In the early 1900s, interurban transportation was very popular in both rural areas and cities. Although slower in speed than steam driven passenger trains, the interurban system made up for speed by increased frequency of service. After 1910, the popularity of the Ford Model T automobile began to diminish the interurban passenger load, and during the 1920s, many interurban systems were declared bankrupt. Many were also bought out in the Great American Streetcar Scandal and deliberately destroyed. As a result of this shift in transportation methods, the small and unprofitable lines were discontinued. By the 1930s, most of the interurbans had disappear, although some of their rail lines were taken over for the use of freight drawn by steam engines. Most were replaced with buses. By the 1960s, very few lines remained; the Pacific Electric Railway in California was abandoned in 1961, and the Chicago North Shore and Milwaukee Railroad near Chicago in 1963.
Few historic interurban lines are still operated in their original form, although a number of more recently-constructed transit lines could be considered interurbans by Hilton and Due's standards above.
Other lines that have some characteristics of an interurban include:
Other portions of interurbans remain in service as parts of regular freight-hauling railroads; for instance, portions of the Sacramento Northern Railway were operated by the Union Pacific Railroad. The longest surviving portion of the Sacramento Northern is now owned by the Sierra Northern Railroad. Most of the Tidewater Southern Railway is still operated by the Union Pacific. Another California interurban company, the Central California Traction Company, still operates diesel freight service on its one-time electric line between Stockton and Lodi.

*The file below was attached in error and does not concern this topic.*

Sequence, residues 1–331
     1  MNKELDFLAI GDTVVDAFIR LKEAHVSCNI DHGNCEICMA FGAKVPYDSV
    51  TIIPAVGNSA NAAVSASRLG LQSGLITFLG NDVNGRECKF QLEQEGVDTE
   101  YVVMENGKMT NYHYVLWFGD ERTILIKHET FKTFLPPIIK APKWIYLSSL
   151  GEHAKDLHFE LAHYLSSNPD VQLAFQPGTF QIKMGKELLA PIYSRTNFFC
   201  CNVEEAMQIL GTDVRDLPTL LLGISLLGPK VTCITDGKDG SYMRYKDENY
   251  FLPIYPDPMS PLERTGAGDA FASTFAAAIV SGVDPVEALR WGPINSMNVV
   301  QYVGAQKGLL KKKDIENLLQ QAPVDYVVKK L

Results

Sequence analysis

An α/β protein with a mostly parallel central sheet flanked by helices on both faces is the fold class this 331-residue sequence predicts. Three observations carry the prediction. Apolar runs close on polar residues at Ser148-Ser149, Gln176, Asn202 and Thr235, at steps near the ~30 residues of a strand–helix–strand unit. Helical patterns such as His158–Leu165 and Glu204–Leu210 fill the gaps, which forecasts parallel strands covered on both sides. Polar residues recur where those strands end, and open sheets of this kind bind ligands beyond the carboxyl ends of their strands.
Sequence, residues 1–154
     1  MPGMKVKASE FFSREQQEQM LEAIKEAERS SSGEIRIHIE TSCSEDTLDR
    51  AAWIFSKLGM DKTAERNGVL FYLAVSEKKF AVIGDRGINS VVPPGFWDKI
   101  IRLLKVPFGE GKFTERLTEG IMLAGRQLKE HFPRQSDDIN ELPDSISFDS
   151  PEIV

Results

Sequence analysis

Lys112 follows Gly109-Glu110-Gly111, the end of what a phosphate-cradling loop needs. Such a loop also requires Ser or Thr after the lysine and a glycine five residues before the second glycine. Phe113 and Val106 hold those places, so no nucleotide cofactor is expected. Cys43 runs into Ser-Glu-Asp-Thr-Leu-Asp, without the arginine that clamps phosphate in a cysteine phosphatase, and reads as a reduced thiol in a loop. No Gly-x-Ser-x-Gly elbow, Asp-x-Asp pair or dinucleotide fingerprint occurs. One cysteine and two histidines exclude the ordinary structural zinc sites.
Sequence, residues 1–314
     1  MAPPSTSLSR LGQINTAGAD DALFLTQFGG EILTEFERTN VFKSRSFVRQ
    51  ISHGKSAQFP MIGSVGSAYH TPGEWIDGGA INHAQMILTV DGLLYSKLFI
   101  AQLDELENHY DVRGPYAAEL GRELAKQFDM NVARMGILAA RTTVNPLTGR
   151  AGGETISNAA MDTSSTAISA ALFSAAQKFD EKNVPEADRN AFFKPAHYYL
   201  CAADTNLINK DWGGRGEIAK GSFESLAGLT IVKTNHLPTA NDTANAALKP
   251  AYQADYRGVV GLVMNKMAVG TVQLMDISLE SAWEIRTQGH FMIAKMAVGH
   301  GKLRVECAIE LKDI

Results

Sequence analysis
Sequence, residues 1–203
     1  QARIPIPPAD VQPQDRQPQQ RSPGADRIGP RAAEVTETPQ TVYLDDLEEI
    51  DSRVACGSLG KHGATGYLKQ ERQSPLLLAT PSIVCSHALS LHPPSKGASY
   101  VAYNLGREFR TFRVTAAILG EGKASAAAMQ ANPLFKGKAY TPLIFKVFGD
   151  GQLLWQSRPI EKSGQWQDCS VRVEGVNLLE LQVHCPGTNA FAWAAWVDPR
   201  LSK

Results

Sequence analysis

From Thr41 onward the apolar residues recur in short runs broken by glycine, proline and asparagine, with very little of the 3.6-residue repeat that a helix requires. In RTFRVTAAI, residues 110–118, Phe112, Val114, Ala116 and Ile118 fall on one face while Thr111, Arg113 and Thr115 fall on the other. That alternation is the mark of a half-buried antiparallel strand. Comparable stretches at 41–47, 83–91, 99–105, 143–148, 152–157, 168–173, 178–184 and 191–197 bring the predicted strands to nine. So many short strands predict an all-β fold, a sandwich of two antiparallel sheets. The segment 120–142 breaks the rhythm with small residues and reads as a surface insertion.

In Southern Ontario, intercity streetcar lines were called radial railways, because their routes generally radiated from a central city. The longest routes from Toronto included one running to Lake Simcoe and another to Guelph. A portion of one of these lines is preserved and plays host to a working museum of streetcars and other transit vehicles at the Halton County Radial Railway in Milton. A notable feature of Toronto's radial railways was that because the city streetcar tracks of the Toronto Railway Company (later taken over by the Toronto Transportation Commission) were built to a wider gauge (which is still used to this day), radial cars from the outlying areas could not pass the city limits, requiring passengers to change trains.
Some of the closer sections of Toronto's radial railways were assimilated into the city's streetcar network, and with the city's expansion, some communities once linked by radial railway now have relatively central stations on the Toronto subway. On a regional level, GO Transit's commuter railway network is designed on a similar radial principle, though it uses much heavier-capacity mainline trains.